Sekiwake Terunofuji secured his 11th win and took sole possession of the lead on the 14th day of the Spring Grand Sumo Tournament on Saturday after komusubi Takayasu’s dream of a maiden Emperor’s Cup slipped further away with a second straight defeat.
Terunofuji, who has all but secured his return to the second-highest rank of ozeki for the first time since 2017, was at his composed best as he forced out ozeki Asanoyama (9-5) at Ryogoku Kokugikan.
Terunofuji reacted well to a surprise opening by Asanoyama, who charged with both hands thrust forward to keep the sekiwake at a distance. But the ploy only worked in favor of Terunofuji, whose left overarm belt hold proved decisive as Asanoyama finally floundered after nearly throwing the Mongolian over the straw bales.
“I thought, ‘If I keep my cool, I can do this,'” Terunofuji said afterward.
Terunofuji’s force-out victory moved him within a win of his third championship. His last title came in July 2020, when he competed at the elite makuuchi division’s lowest rank in his comeback from multiple knee surgeries that had dropped him into the fifth-tier jonidan division.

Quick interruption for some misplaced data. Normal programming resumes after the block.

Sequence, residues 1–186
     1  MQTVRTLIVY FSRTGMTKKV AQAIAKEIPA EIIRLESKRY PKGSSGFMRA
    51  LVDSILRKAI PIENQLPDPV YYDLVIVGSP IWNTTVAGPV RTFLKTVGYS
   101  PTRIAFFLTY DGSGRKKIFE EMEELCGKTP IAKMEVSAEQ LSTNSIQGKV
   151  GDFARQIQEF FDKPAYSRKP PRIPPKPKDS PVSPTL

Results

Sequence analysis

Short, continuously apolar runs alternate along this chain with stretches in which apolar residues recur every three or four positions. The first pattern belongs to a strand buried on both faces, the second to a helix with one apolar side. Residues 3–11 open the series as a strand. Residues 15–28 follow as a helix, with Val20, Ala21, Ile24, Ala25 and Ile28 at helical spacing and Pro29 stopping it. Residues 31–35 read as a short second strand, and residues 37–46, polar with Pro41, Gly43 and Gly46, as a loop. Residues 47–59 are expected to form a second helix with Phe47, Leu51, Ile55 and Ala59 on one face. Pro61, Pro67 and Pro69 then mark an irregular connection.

Takayasu, who held the sole lead two days earlier, is now a win behind Terunofuji at 10-4 and tied with ozeki Takakeisho and rank-and-filer Aoiyama.
After a soft initial charge, Takayasu remained poised against tricky No. 8 Tobizaru (9-5) and eventually immobilized him by grabbing his belt with both hands.
With little to work with, Tobizaru put a right arm lock around the komusubi’s neck. When that did not get immediate results, Tobizaru forced Takayasu off balance with a minor inner foot sweep.
That sent the pair locked together and struggling unbalanced toward the edge, Takayasu moved to throw his opponent while Tobizaru, whose name can be read as “flying monkey,” reasserted his lock on the komusubi’s neck. Tobizaru was able to apply enough torque to Takayasu’s neck to bring him down at the straw for the win as he himself was sent airborne from the ring.
Takakeisho stayed in the title chase with a routine win over out-of-form fellow ozeki Shodai (7-7).
A day after his win over Takayasu, No. 2 Wakatakakage (9-5) saw his seven-bout winning run end at the hands of another title-chaser, Aoiyama. The Bulgarian No. 12 earned his sixth straight win.
No. 15 Hidenoumi (9-5), Tobizaru’s older brother, lost his outside chance for the title, succumbing to Georgian No. 7 Tochinoshin (7-7).
Sekiwake Takanosho forced out giant Mongolian No. 6 Ichinojo, leaving both wrestlers at 7-7.
January’s champion, komusubi Daieisho (7-7), was unable to secure a winning record, falling to an overarm throw by No. 4 Kiribayama (6-8).
Another komusubi, Mitakeumi (7-7), beat No. 4 Myogiryu (6-8) to retain his hope for a winning record.
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